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Poster: Are Archivists Essential Workers? Documenting the Effects of COVID-19 on Funded Archival Institutions

July 11, 2022 @ 11:00 pm UTC+0


Humanities organizations continue to seek support after the start of the global pandemic. In reflecting on the year 2020, the only way to tell the stories of America’s Archives is through communicating with the Archivists themselves. The American Library Association (ALA) spotlight the resilience, determination, and innovations of library workers in unprecedented circumstances. Their publication The State of American Libraries: Special Report: Covid-19 provides a closer look at the vitality our libraries provide to our nation, our people, and community. Librarians were quickly reassigned and went from disseminating information to becoming our community’s “second responders.” Can this be said about Archivists working in repositories? Preservation institutions? What happened to collections and services?

Lyrasis, a non-profit organization serving and supporting libraries, archives, museums, and other cultural centers, shared a Pandemic-Survey conducted in the fall of 2020, documenting what it was like to collect archival materials during this time. The survey highlights those archives closed for months without environmental monitoring by staff. Archival consultants believed that disaster response assistance with pests, mold, and water leaks may be needed once buildings were reopened. Other archives, however, were granted limited access by non-archival staff. This included facilities and other staff permitted to work on-site in 4% of responses, while 21% of archives surveyed identified library administration or department heads having access to collections (p.10).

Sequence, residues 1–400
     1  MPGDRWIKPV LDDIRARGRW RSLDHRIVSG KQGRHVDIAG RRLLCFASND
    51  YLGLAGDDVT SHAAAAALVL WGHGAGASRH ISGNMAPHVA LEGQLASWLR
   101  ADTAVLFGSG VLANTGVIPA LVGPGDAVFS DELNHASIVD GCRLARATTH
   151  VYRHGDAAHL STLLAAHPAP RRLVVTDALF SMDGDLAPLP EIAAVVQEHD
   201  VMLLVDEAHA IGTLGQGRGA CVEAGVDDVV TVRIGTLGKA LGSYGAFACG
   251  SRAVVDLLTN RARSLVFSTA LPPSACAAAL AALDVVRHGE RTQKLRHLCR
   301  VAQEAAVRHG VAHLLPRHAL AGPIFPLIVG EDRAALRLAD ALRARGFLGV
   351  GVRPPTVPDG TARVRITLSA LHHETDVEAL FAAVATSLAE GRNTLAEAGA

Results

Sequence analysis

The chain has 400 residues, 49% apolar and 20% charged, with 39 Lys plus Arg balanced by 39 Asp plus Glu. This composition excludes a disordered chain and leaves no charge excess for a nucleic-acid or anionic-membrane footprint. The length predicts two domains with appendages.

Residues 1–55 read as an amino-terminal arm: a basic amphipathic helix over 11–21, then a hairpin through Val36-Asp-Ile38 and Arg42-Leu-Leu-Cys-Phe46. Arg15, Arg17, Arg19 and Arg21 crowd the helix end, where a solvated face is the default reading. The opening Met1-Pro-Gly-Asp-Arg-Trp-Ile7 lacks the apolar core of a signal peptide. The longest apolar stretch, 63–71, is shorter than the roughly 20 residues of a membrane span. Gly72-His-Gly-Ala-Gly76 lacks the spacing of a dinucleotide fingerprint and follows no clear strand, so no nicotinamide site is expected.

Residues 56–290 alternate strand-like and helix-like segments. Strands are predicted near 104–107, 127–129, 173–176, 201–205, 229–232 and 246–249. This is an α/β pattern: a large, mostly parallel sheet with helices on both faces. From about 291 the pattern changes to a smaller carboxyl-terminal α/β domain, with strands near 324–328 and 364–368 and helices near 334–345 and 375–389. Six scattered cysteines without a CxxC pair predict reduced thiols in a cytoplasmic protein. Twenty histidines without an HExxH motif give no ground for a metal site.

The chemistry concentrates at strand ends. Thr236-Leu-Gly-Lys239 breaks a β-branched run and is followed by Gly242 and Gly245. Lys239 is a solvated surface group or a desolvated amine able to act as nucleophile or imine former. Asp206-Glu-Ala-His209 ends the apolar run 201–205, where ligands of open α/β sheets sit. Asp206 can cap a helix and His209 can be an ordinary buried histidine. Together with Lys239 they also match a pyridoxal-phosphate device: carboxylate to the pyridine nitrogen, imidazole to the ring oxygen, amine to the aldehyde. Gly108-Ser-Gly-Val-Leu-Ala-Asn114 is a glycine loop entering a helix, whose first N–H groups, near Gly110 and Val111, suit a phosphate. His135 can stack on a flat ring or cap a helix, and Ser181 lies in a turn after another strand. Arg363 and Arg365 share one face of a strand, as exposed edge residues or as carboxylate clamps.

According to the Lyraris survey (2020), despite many institutions surveyed not having consistent access to their archives, 49% decided to continue collecting physical materials. One aspect the survey did not cover is what happened to the archives that remained closed and were not able to reopen. Who decided that these institutions should close? What happened to jobs and most importantly what happened to the collections? This study aims to answer these questions by using the SAA (Society of American Archivists) core values:

  1. Acquire
  2. Identify and preserve
  3. Access and use (digital & physical)
  4. Service to community (DEI)
  5. Advocacy.

Presenter Bio

Anastasia Weigle, Ph.D. Assistant Professor, University of Maine Augusta

Vanessa Reyes, Ph.D. Assistant Professor of Instruction, University of South Florida


This poster will be uploaded and made available on AERI YouTube.

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July 11, 2022
11:00 pm UTC+0
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Zoom details will be provided


Joanne Evans